Reforestation of the Mission Reach of the San Antonio River
Abstract:The Mission Reach Ecosystem Restoration and Recreation (MR-ERR), part of the overall 13-mile San Antonio River Improvements Project, is addressed as an in-progress case study of an urban riparian re-forestation project. The project is a 160 million-dollar Federal, County, and City investment within urban San Antonio, Texas. This project is one of the largest civil works project within the United States Army Corps of Engineers (USACE) Fort Worth District. The task is to restore the 8-mile MR-ERR segment to natural upland and aquatic ecosystems by creating wildlife habitat in the form of vegetation, rock riffles, embayments and restored river remnants. Ironically, the San Antonio River was originally channelized by the USACE in the 1950's as a flood damage reduction project, and the ecosystem restoration project is taking place under the original congressional project authorization.
The site's pre-project condition is best described as an earthen trapezoidal ditch with an incised channel in the bottom. The channel is actively eroding, and evidence of head cutting is evident. Due to maintenance practices aimed at ensuring the channel effectively functions as a floodway, no woody vegetation is permitted within the pre-project site. The project increases the available right-of-way for the channel, enabling the overbank slopes to be reduced, the sinuosity of the river to be increased, and the re-forestation of the floodway. This must be done while maintaining the flood damage reduction benefits of the channel. The re-forested communities consist of native species combinations based upon observations of nearby communities.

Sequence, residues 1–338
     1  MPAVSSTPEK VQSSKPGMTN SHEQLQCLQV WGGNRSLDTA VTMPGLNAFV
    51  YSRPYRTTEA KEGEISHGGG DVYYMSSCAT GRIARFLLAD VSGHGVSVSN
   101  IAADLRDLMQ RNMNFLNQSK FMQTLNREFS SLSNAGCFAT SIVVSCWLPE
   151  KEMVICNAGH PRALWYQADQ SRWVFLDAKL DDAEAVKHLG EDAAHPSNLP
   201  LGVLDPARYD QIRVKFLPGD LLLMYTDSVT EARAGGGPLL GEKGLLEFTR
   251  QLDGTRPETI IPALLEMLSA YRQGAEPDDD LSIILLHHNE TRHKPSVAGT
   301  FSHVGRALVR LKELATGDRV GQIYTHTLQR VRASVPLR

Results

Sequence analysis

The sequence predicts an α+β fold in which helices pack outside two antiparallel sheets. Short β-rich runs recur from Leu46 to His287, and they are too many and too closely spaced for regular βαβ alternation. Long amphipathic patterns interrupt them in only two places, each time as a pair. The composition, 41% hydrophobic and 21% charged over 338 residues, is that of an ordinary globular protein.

A riffle-run-pool stream model is utilized in the restoration project to evaluate and balance sediment transport concerns, evaluate sinuosity and determine proposed grade line for the re-aligned river. HEC-RAS and GEO-RAS hydraulic models are utilized to evaluate flow regimes and determine acceptable plan-form geometries and proposed vegetation densities.
To effectively mathematically model the approximately 20,000 new trees proposed to be planted in the re-aligned channel, the proposed vegetation is divided up into 4 discreet densities with corresponding roughness coefficients. Generally speaking, the higher the vegetation density, the higher the habitat “value,” therefore all vegetation in the channel that is not of the highest density is a hydraulic concession.
Upon completion, the project will contain over 140 hectares of riparian habitat and over 2.7 million cubic meters of earth will be removed from the channel to offset the proposed vegetation. No negative impacts to the flood damage reduction capabilities of the river will occur.
Document Type: Research Article
Publication date: January 1, 2010
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